Anyone who has bathed a cat knows how much of a hassle and a hazard this task can be. Cats don’t respond in quite the same way that dogs do when they are told a basic command, such as sit, stay, or stop. Thankfully giving your cat a bath isn’t something that is usually carried out regularly. Here are 8 tips on bathing your feline, in case you find yourself needing to wash a less than clean cat.
This tip should be common sense, but I’ll add it to the list anyway. Who wants to flounder about trying to find the shampoo with a wet and angry cat in hand? Make sure the shampoo, towels, brush, and anything else you will need to bathe your cat are all right where you can easily reach them.
If you have to bathe your cat, you probably have a specific reason for taking on this challenge. For instance, if fleas are an issue, then make sure the shampoo is medicated and will kill fleas, as well as flea eggs. Using the jasmine scented shampoo, which you normally use in the shower, on your flea-ridden cat probably won’t be great for getting rid of the fleas. Sure, Miss Kitty will smell fantastic, but she’ll still be itching like crazy and angrier that she is now wet and itchy.
Having a sink or shower that has one of those hand-held sprayers attached to it makes bathing the cat much easier. This feature will enable you to prepare the water temperature before drenching your cat. If you have to place the water in a pitcher before pouring it on your kitty, then make sure the temp isn’t too hot or too cold. Test the water temp on your wrist or forearm, not with a finger or hand.
Want to know the quickest way to get scratched beyond all recognition? Wait and see what happens when you accidentally spray your cat in the face. You also have to be careful not to spray water up the nose or into the ears. This is just as uncomfortable for a cat as it is for a human. I know I don’t enjoy water being forcefully put up my nose or in my ears!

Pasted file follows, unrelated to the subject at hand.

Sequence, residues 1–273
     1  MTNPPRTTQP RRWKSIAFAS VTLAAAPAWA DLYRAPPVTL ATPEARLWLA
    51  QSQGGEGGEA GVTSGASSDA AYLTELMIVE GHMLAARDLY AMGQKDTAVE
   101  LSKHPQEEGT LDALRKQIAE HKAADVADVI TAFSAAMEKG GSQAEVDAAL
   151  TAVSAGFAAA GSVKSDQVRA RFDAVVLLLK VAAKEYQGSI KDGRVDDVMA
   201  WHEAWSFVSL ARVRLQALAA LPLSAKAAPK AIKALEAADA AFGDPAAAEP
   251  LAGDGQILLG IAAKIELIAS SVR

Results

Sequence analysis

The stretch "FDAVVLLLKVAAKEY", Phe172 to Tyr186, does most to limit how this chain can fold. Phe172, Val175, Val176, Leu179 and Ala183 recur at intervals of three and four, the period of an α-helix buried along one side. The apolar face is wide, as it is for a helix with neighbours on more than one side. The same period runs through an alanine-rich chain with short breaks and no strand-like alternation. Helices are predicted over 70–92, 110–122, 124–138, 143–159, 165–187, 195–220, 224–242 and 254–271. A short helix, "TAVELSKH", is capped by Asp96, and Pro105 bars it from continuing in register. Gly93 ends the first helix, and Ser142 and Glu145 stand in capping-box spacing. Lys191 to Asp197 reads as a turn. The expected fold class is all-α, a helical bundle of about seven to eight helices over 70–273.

It is much easier to get shampoo to lather up when your cat’s fur is already wet. Just reflect back to washing your own hair. Don’t you usually wet your hair first? It’s too difficult to wet your cat’s fur with one hand and apply shampoo with the other. Miss Kitty would be out of the sink or tub in no time at all. Soak your cat’s fur thoroughly and then apply the shampoo.
You may not think that items placed around the edge of the tub or kitchen sink are going to be in the way, but you might be in for a surprise. I’ve had cats try to scramble up the side of the tub and end up toppling bottles of shampoo and conditioner right into the tub. The kitchen sink can be an even bigger mess. Flailing cat arms catch all sorts of objects that happen to be sitting near the sink. It’s very helpful to completely clear off the bathing area.
Even short-haired cats can shed a lot. During bath time, the loose fur doesn’t show up as well as you might think it would. Tons of fur ends up going down the sink or bathtub drain before you know it. This accumulation of fur is fantastic for causing drains to become plugged. Use a comb designed for a cat’s fur and give kitty a good brushing before her bath.
I don’t always ask for help when I need it, but giving a cat a bath is one event that I would greatly appreciate some assistance with. If you have an unruly cat or are the least bit hesitant about giving your cat a bath on your own, then it might be wise to get some help. What’s even more helpful is having someone assist you who has already experienced the joy of bathing a cat.
Hopefully these 8 tips on bathing your feline will prove to be useful to you someday when you need them most. Feel free to pass these on to someone who is thinking about bathing a cat. Have you already had this experience? What did you learn most from bathing your cat that you think others should know beforehand?
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